Dear brothers and sisters in Christ,
The Church gives us the season of Lent to prepare for the great Paschal Triduum (Holy Thursday, Good Friday and the Easter Vigil). By tradition, the forty days of Lent are a period of intense preparation for those seeking baptism and entry into the Catholic Church at Easter and for us who accompany them.
The great spiritual writer St. Peter Chrysologus wrote, “There are three things, my brothers and sisters, by which faith stands firm, devotion remains constant, and virtue endures. They are prayer, fasting and mercy. Prayer knocks at the door, fasting obtains, mercy receives. Prayer, mercy and fasting: these three are one and they give life to each other.”
In this Jubilee Year of Mercy, I encourage you to renew your commitment to the traditional Lenten practices of prayer, fasting and works of mercy. Particularly I am asking you for two things: first, to make a good personal confession and secondly, to commit to performing works of mercy.
How are these connected? Well, it’s important for us to experience the loving and forgiving mercy of God in the Sacrament of Reconciliation, a graced encounter that brings inner healing, peace and joy. Once we have tasted God’s mercy ourselves, we are moved to share this gift with others who have needs both material and spiritual.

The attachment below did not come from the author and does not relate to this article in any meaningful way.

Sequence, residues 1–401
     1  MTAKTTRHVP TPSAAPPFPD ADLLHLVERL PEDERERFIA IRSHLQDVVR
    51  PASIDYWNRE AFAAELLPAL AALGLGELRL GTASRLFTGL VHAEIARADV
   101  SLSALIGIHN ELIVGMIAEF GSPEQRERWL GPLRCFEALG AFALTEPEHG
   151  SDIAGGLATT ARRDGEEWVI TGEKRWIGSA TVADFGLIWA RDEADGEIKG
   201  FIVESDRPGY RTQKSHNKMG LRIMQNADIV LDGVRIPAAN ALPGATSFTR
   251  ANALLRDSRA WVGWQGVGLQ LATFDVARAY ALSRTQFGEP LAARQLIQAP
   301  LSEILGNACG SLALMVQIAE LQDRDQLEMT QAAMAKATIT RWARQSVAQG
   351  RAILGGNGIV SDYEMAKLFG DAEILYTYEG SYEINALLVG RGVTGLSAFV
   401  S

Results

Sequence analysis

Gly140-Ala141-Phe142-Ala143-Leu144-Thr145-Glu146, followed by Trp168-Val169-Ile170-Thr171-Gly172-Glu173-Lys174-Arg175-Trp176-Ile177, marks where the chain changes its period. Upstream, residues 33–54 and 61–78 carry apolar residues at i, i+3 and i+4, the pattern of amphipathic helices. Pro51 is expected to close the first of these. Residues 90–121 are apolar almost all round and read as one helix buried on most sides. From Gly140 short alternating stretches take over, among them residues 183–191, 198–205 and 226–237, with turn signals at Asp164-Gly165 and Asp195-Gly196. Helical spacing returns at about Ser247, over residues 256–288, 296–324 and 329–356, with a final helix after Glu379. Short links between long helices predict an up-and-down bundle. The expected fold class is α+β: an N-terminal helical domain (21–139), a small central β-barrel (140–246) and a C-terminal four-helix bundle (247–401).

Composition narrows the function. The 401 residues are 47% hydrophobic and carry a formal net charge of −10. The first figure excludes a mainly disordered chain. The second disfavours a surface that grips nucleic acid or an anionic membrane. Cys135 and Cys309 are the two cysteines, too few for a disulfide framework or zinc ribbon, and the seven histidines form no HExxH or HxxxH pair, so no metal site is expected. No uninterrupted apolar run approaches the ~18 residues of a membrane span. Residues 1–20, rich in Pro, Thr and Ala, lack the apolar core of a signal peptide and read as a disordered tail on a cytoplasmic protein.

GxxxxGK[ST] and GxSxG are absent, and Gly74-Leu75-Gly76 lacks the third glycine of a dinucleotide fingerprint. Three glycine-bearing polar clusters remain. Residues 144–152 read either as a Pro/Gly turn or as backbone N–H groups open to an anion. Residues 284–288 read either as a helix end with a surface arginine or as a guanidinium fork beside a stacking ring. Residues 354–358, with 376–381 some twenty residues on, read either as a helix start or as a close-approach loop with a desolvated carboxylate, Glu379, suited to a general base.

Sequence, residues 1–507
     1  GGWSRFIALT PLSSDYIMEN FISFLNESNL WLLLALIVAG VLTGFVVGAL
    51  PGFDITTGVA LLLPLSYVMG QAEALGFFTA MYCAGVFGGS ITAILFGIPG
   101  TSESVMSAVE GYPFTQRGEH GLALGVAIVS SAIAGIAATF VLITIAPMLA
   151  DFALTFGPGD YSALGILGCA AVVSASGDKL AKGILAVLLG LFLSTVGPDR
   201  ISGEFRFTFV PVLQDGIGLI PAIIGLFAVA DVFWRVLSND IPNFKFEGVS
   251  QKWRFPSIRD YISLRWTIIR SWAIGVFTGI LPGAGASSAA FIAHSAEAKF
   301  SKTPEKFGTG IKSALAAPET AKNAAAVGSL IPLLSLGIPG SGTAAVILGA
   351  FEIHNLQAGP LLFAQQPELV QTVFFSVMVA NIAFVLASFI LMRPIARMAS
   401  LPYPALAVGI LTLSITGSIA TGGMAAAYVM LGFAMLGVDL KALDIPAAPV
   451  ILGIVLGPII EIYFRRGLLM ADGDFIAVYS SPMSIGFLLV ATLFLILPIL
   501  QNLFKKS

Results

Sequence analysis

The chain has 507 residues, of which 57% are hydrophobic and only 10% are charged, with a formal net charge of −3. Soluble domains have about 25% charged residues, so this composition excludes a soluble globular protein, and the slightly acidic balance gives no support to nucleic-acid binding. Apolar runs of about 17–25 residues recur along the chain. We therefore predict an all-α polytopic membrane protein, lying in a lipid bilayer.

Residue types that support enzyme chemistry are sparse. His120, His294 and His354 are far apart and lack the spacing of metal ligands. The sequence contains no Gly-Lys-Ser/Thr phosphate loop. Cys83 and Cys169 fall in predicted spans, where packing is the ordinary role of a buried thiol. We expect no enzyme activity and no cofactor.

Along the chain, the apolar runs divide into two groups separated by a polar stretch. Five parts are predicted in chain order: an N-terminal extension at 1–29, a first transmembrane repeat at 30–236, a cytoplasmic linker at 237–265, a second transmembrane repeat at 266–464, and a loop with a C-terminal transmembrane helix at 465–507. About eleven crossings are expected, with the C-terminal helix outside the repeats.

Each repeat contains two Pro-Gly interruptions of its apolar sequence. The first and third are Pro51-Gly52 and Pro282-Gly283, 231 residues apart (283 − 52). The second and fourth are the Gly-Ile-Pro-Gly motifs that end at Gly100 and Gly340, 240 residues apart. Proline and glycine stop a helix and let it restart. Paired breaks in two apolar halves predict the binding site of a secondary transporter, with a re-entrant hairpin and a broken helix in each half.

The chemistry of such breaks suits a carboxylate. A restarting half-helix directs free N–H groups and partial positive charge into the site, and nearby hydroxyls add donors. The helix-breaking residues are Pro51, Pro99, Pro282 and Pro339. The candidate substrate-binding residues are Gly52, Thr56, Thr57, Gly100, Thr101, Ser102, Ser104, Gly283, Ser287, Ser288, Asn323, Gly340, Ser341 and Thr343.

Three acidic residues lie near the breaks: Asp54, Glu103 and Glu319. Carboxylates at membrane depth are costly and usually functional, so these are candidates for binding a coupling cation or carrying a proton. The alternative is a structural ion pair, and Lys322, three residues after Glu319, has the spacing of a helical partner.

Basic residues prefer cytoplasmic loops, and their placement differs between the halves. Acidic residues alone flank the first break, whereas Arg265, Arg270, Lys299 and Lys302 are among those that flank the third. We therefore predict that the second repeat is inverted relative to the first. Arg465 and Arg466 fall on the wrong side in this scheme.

In gratitude for God’s forgiveness let us show mercy to those in need. I am inviting each Catholic of our diocese of Alexandria-Cornwall who is able to do so to perform sometime during this special year one corporal work of mercy and one spiritual work of mercy.
The corporal works of mercy are well known: to feed the hungry; to give drink to the thirsty; to clothe the naked; to shelter the homeless; to visit the sick; to visit the imprisoned; to bury the dead. We are asked by Christ to recognize him in anyone in need: “Amen, I say to you, whatever you did for one of the least of these my brethren, you did for me” (Matthew 25.40)
The spiritual works of mercy are less well known but they are also important for the spiritual vitality of our faith community: to instruct the ignorant; to counsel the doubtful; to admonish sinners; to bear wrongs patiently; to forgive offences willingly; to comfort the afflicted; to pray for the living and the dead. The first three may require a special level of authority, competence or even extraordinary tact. The latter four are ways for us to express in daily living our life as disciples of Jesus.
I encourage your family to share your life of faith: by attending Mass together on Sunday—committing to do so even if travelling during the March Break—and by sharing a meal each week that involves cutting back a bit, so that together, you can save some money and give it to the poor.
Many see the value of mercy or charity in the good it does for the needy. Certainly, your generous donation to Development and Peace on Solidarity Sunday or to another charity helps the poor of our world. But, just as important, it will help establish God’s order in your finances.
May this holy season’s traditional practices prepare you and your loved ones to celebrate the Paschal Mystery with renewed enthusiasm, with hope and with joy.
Sincerely yours in Christ,
✠Terrence Prendergast, S.J.
Diocese of Alexandria-Cornwall